NEKKIDVILLE—On its face, the decision by contestant Jessie Nizewitz to file suit against Viacom and two production companies for exposing her nude during the recent airing of an episode of the new VH1 reality show, Dating Naked, makes no sense. But when you consider that it was her genitals that were exposed, against what she claims were the repeated promises by producers to make sure that blurs were in place at all times, her complaint gains merit. Of course, that has not stopped the tsunami of brutal commentary sent her way by a veritable multitude of both named and anonymous trolls, on websites far and wide.
That public shaming, the amount of which can hardly be exaggerated, is central to her claim that because of the producers' failure to prevent the airing of a perfectly visible shot of her vulva and anus during a friendly tussle on the beach with her co-nudist, she is entitled to the tidy sum of $10 million in damages.
While we certainly feel ill-equipped to weigh in on one commenter's assertion that, "Not even a photo of Justin Bieber's vagina is worth ten million," we are less prone to agree with another individual who opined, tongue firmly wedged in cheek, "So she wrestles naked on a beach and is surprised that her ass and vag were sprawled for all to see. This court case is going to go far."
And while it's true that Nizewitz has probably brought far more grief upon herself than had she ignored the whole thing, the brevity of the shot as it appeared during the telecast has nothing to do with its potential longevity on other platforms. Indeed, the words "brief" and "snapshot" have become meaningless in a world in which everything is recorded (by the government if not by you), where snippets of shame are available for review at a moment's notice.
Nizewitz's awkward crotch shot is a perfect example of the phenomenon. If one happened to be tanning on the beach, lounging dreamily on a towel as the couple frolicked down by the water, you might not even notice that genitals were on display. But recorded, copied, resized and posted on a site like The Superficial, and the result is something far less than the superficial.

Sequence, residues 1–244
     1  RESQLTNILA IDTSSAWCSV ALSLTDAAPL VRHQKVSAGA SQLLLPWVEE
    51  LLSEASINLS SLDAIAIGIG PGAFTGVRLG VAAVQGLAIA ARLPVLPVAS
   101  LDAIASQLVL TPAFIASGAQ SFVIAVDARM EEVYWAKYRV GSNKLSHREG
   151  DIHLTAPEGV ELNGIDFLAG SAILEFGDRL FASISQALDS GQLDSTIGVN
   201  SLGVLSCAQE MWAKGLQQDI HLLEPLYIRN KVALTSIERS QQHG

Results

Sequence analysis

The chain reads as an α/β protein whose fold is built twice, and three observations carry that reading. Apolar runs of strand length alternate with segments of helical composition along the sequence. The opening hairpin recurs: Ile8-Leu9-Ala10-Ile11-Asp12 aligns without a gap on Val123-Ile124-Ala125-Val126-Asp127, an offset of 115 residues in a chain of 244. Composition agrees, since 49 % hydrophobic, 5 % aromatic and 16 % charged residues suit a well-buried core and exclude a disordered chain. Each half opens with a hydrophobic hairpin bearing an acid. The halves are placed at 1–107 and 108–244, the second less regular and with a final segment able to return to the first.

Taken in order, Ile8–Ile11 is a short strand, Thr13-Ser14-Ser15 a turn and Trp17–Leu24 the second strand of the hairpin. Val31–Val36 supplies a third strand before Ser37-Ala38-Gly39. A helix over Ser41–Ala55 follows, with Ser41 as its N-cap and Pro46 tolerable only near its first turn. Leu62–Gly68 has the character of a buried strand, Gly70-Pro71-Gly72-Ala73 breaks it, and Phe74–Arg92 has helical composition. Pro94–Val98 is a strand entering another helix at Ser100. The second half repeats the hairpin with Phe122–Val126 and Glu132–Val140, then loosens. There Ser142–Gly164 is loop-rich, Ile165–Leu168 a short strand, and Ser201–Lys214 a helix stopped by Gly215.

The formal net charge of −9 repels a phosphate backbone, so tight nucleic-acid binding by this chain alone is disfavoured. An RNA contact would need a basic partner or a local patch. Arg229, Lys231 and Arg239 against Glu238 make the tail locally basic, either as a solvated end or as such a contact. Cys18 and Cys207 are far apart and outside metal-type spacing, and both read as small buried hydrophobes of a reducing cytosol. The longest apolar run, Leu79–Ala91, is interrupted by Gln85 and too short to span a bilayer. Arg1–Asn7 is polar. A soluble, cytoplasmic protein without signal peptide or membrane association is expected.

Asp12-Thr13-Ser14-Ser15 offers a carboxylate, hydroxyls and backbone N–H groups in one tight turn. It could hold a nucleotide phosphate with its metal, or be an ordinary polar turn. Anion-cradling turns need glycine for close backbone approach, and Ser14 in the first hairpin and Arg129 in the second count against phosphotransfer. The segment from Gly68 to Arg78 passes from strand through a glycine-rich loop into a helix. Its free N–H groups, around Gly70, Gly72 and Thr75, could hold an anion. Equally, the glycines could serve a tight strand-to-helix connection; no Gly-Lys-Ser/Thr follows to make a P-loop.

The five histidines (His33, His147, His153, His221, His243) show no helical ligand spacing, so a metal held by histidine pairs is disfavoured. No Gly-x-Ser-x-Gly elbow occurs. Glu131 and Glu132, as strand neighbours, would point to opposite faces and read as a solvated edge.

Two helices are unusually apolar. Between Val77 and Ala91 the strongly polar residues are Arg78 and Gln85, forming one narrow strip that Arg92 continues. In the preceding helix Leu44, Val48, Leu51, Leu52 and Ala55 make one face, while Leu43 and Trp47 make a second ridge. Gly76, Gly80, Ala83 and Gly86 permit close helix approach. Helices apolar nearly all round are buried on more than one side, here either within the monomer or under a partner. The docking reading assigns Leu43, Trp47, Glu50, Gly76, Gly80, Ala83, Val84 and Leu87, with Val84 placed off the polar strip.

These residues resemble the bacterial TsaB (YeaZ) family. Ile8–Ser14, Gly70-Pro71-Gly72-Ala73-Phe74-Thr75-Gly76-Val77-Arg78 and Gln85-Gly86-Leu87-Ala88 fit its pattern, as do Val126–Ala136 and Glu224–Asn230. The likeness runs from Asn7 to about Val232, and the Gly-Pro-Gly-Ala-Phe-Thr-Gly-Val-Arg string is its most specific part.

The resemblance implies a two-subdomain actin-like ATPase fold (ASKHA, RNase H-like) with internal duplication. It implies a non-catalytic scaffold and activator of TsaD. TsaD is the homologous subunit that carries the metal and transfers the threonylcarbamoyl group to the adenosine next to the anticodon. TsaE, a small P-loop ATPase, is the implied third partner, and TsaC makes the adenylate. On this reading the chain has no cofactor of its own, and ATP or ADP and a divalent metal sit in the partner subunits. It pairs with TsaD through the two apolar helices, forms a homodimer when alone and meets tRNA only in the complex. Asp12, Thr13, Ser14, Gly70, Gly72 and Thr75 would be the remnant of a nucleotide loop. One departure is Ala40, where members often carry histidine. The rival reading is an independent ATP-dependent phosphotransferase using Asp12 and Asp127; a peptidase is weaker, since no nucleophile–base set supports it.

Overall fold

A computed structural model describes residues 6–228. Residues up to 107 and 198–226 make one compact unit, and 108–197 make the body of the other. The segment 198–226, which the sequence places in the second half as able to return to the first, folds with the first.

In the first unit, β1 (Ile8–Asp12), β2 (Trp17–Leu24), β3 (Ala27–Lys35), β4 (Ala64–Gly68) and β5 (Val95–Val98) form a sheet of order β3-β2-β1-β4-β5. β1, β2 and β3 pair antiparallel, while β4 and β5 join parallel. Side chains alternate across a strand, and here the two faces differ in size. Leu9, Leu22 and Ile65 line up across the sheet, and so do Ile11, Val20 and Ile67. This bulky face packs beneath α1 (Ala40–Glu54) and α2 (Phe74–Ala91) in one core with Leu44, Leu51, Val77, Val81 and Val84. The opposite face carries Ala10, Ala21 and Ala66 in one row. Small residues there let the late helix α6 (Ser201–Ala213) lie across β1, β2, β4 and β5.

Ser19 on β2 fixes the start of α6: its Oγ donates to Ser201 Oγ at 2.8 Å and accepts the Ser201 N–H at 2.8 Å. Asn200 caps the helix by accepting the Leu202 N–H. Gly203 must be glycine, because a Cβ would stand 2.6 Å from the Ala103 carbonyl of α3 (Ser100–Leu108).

In that context, Nizewitz's claim that she has been "shocked, horrified and outraged" in the aftermath of the airing of the episode may sound a tad overstated, but not by much. Just because we live in a pornified world doesn't mean that everyone wants to be, for lack of another term, pornified.
As the 28-year-old put it in a letter to Entertainment Weekly via her lawyer, “I have no problem going to a beach in a bikini or people seeing me on TV in a bikini. Although I went on this show knowing that I would be nude while taping it I was told that my private parts would be blurred for TV. If you watch an episode, you will see that the blur actually makes it less revealing than a bikini would. Obviously, I did not expect the world to see my private parts, this is not what I anticipated or what any other contestants on the show anticipated.”
Mistakes happen, of course, and there are a thousand examples on the record of costume fails and other faux pas that resulted in unintended revelations of naked flesh, with many of them available to this day for posterity, but in this case, and in this lawsuit, a level of responsibility has to lie with the producers who clearly failed to do as they allegedly promised. In fact, while one has to assume that it was a lapse in editing that led to the failure to blur, it's rare that programming of this sort makes it to air without many eyeballs looking for just that sort of thing, for just this reason.
And then there is the publicity that is being generated over this for a show that has thus far, according to Entertainment Weekly, attracted about 800,000 viewers per first-run episode, a number EW terms "modest." If people become aware that more blur slips might happen, is it not possible that those numbers might rise accordingly?
In that regard, network nudity (or more) as a result of sloppy editing or a desire to get extra publicity is something that may very well happen more frequently as producers push the envelope trying to outdo one another with content that might otherwise need to come with a 2257 notice.
Speaking of which...
Image: Still from Dating Naked, with blurs in place.